LGR Telecommunications handles massive data loads with Oracle Exadata.
by David A. Kelly, February 2009
LGR Telecommunications is a company that knows something about the performance of large data warehouses. Its solutions help telephone companies digest and analyze billions—yes, billions—of call records each day. But even they were a bit surprised when they benchmarked the new Oracle Exadata storage system.
“When it comes to speed, Oracle Exadata technology has changed the game completely,” says Grant Salmon, CEO of Atlanta, Georgia-based LGR Telecommunications, who appeared in a taped segment during Oracle CEO Larry Ellison’s announcement at Oracle OpenWorld. “And it’s not like we had an old, cluttered-up system before. We build some of the world’s largest data warehouses on leading hardware and storage facilities, yet queries that used to take half an hour are now taking less than a minute with this new Oracle Exadata technology.”
LGR chief architect Hannes van Rooyen can attest to Oracle Exadata’s speed as well. “From an architecture perspective, Oracle Exadata provides us with major performance improvements. And that’s impressive, considering that we were already building some of the world’s largest and fastest data warehouses on the world’s leading hardware and storage products such as those from HP, Sun, IBM, and EMC.”
LGR has been involved in the Oracle Exadata beta program for more than a year and has had a system actively working since April 2008, doing all types of testing and measurements.
“Some of the performance metrics that we’ve observed are just incredible. We had a system that was loading 3 billion records per day, and building indexes on the Oracle Exadata system took less than 30 seconds compared to 30 minutes in our traditional high-performance environment,” says van Rooyen. “It’s almost unbelievable. Oracle is selling [Oracle Exadata] as extreme performance, and it truly is.”
Although not every company needs this type of true extreme performance from its database system, almost all companies are facing the need to process, analyze, and understand rapidly increasing volumes of data in more and more detailed ways. It’s more important than ever for organizations to understand the behavior of customers and effectively process all the data they already have, especially at the individual customer level. Most companies still tend to look at summarized information or store-level data because they just don’t have the ability to analyze data down to discrete customer records.
“Oracle Exadata technology is going to open up whole new business opportunities for companies in industries like retail and telecommunications,” says Andrew Mendelsohn, senior vice president for Oracle Server Technologies. “It’s going to enable them to understand the behaviors of individual customers down to the transaction level and create more-effective direct marketing for them.”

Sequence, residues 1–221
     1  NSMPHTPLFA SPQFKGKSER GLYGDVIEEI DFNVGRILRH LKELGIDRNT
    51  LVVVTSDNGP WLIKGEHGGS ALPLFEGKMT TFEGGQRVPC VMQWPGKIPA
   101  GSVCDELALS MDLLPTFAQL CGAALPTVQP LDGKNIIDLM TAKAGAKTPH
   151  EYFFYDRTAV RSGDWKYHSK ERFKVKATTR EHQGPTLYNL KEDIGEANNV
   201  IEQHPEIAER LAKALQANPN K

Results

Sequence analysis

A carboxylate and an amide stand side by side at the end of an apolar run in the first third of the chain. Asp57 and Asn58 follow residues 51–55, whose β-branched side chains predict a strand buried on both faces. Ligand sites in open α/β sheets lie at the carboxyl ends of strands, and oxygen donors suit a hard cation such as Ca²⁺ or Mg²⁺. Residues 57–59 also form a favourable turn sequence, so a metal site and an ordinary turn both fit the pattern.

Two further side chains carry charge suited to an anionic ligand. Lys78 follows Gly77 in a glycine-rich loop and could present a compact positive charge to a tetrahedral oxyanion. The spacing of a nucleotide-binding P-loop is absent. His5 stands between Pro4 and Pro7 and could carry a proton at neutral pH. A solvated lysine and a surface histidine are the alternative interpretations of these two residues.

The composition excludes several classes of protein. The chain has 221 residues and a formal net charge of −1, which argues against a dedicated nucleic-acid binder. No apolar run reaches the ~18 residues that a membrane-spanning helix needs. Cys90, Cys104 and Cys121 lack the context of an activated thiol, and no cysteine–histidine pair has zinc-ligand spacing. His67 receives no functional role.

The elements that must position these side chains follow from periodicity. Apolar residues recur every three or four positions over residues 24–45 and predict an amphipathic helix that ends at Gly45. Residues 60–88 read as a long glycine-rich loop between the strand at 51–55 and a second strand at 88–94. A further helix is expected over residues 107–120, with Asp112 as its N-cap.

Created in conjunction with HP, the HP Oracle Exadata Storage Server is a combination of storage devices, database-tuned intelligent processing, and an internal high-performance network for enormous data throughput. Its massively parallel architecture allows it to dramatically speed up Oracle data warehouses by using internal intelligence to do query processing closer to the data.
“You can put together your own hardware, but it’s difficult to approach the type of tuning that Oracle and HP have done and achieve the capabilities that they’ve built in,” says Paul Hartley, general manager for LGR. “We think there’s a massive difference between purchasing an off-the-shelf solution like Oracle Exadata and building it yourself. You can easily remove six months of the implementation cycle simply by taking that architecture decision off the table. And with that, you can probably eliminate 10 people’s salaries for six months—that’s a lot of cash right there. In addition, we estimate there’s up to a 70 percent reduction in terms of cost of ownership compared to custom solutions, just in terms of the personnel savings.”
Building Block for Unlimited Performance
“I think what’s exciting about the Oracle Exadata solution is not just what it is but also the incentive it creates in the industry to innovate and respond,” says Carl Olofson, research vice president of information management and data integration software at IDC, in Framingham, Massachusetts.
The innovative Oracle Exadata solution is designed as a building-block component that includes both storage and intelligent processing power—a unique combination that dramatically affects performance.
“The Oracle Exadata Storage Server is significant because it’s a storage server put together specifically as a vehicle for optimizing storage access for Oracle databases,” says Olofson. The unique thing about this solution is that Oracle software actually manages the query processing.